Summer 1959

 

JEFF TORE a blade of grass from the ground and wound it slowly round his finger. He’d always fancied wearing a simple gold ring, but he knew his father would never allow it. Jewelry was for women and poofs, and as far as his father was concerned, Jeff was neither of those.

Looking up at the cloudless sky, Jeff couldn’t recall a more idyllic day, and when he lowered his gaze to the parkland before him, the day became even more perfect. Jeff surveyed the willowy frame of a young man stretched out on the grass. Wearing only a pair of white shorts, the stranger’s body was lean and athletic, his pale skin starting to color in the sun.

Jeff imagined massaging sun lotion into his chest, trailing his fingers around the darkness of his nipples. He had a bottle in his bag, and he’d hate for the stranger to burn his fair skin. What would the young man say if Jeff knelt next to him and drizzled the lotion in a sensual swirl on his torso? Would he lurch from the grass, shouting and cursing and threatening to stick the bottle somewhere painful? Or would he slowly open his eyes, his raspberry-red lips easing into a smile? Would he relax into the lush grass, allowing Jeff to caress his sun-warmed skin with the tips of his—

“Jeff! Where the hell are those glasses? I told you to wash them, not go and buy new ones.”

Jeff chuckled. His job washing glasses at the Eagle wasn’t the most exciting of occupations, but it did give him plenty of time to daydream. He clattered the glasses into the plastic crate and hauled it off the sturdy table.

“Coming, Bri!” Jeff called through to the bar in an attempt to dampen his boss’s short fuse. Brian wasn’t a bad bloke, but he could get rather hot under the collar when things were hectic in the pub.

“About flamin’ time.” Pulling a pint of froth-topped beer, Brian glanced at Jeff as he appeared. “I thought you’d got lost.”

“Sorry, Bri. You know I like to get them spotless.”

Brian rolled his eyes and turned to the next impatient customer. “Yes, mate. What can I get you?”

Jeff dumped the crate of glasses behind the bar, then grabbed a tray and slipped through the gap in the wooden counter. The pub was heaving tonight. Each seat at every table was taken, and people crowded onto the tiny dance floor with its sticky, beer-stained boards. Jeff wondered what had dragged so many locals out on a Wednesday night, then remembered a band was booked for that evening. Hansley was a small rural town, with not much in the way of a social scene, so people made the most of any entertainment that came along.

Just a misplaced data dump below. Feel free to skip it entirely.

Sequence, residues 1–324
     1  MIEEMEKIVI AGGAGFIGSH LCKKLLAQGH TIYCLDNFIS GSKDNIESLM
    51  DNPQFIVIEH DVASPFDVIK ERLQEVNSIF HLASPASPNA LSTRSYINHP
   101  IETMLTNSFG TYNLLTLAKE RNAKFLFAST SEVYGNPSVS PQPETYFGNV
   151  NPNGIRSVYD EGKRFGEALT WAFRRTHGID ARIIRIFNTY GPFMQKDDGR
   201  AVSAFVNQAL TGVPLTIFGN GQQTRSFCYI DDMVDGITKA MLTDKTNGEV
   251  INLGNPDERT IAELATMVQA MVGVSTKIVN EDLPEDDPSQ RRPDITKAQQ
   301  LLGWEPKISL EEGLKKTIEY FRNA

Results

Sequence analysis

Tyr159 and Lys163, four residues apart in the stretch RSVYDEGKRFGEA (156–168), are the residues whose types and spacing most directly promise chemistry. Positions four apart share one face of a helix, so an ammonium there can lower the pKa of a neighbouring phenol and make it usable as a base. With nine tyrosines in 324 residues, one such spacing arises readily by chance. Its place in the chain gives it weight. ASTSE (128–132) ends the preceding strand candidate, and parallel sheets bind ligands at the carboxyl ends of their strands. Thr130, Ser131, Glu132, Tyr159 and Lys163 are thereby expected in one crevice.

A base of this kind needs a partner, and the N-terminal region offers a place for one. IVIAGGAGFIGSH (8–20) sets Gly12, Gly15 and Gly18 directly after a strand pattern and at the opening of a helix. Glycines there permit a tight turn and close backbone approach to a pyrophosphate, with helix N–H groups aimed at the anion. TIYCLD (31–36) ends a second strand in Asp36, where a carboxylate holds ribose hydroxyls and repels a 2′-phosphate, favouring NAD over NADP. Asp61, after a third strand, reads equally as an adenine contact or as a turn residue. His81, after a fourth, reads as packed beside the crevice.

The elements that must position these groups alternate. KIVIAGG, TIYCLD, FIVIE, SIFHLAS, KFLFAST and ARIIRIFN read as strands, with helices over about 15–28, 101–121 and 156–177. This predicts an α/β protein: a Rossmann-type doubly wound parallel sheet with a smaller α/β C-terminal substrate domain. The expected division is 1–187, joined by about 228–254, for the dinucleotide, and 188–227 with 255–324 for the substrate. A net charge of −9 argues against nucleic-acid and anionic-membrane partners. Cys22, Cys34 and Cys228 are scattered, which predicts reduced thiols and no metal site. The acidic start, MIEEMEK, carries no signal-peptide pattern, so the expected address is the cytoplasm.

On the cluttered notice board by the door, with its fliers for bingo nights and jumble sales, a handmade poster announced that this evening’s act was “Danny Speed and the Mopeds.” Jeff tutted as he rattled empty glasses onto the tray. How did these so-called musicians come up with such daft names? He certainly hadn’t heard of this lot, but you never knew what you were going to get when Brian booked a band. Some were remarkably talented, while others made such a screeching racket Brian had been known to cut the power to put an end to the torture.

Jeff’s tray was filling with glasses and overflowing ashtrays when he heard his name called from across the room. He turned around to see Brian beckon him to the bar.

“Jeff! Take over a minute, would you?”

A shiver ran down Jeff’s spine as he crossed the room. He hated it when Brian asked him to cover at the bar. He was happy collecting and washing glasses, but Jeff was no great shakes as a barman. He usually ended up breaking the glasses or filling them with more head than beer, and he never managed to give anyone the right change. He put down the tray and waited for Brian to squeeze through the gap in the counter.

“Hold the fort while I introduce the band.” Brian gave him a familiar warning look. “And try not to break anything.”

Jeff smiled as confidently as he could. “No worries, Bri.”

Taking his position behind the beer taps, Jeff tried to recollect Brian’s expert advice. Hold the glass at an angle and pull back the tap, then slowly straighten the glass as it fills. While Brian gave his introductory spiel, Jeff picked up a glass in readiness for his first customer. Then he almost dropped it when a throbbing guitar cord tore through the air.

On the makeshift stage, a tatty green curtain had just been raised for Danny Speed and the Mopeds. There was a lad on bass and another on drums, while in the middle stood a young man with a flash red guitar, from which the heart-stopping sound had evidently emanated. The guitarist’s head was bowed, his features obscured by a silky quiff of dark brown hair. The room was silent, entranced by his dramatic pose. Then he lifted his eyes, to reveal a roguish grin on his handsome face.

“Good evening, Hansley. I’m Danny Speed.” His smooth Scottish brogue was accompanied by an appreciative murmur from the girls in the room. “And these are the Mopeds.”

It usually took a couple of songs for a band to warm up the countryside crowd, but as Danny theatrically swept his hand round toward his colleagues, the young farmers and shopgirls burst into applause. Danny counted in his bandmates, and they launched into a highly creditable cover of a lively song Jeff had heard on the radio. The crowd nodded and clapped and then started to dance, swept along by the tune’s infectious rhythm. Jeff was as rapt as the rest of the room and jumped when a pound note wafted in front of his nose.

“Jeff, you dozy git. Any chance of getting a drink?”

Jeff was relieved to see Pat Turner, whom he’d known since they were at primary school.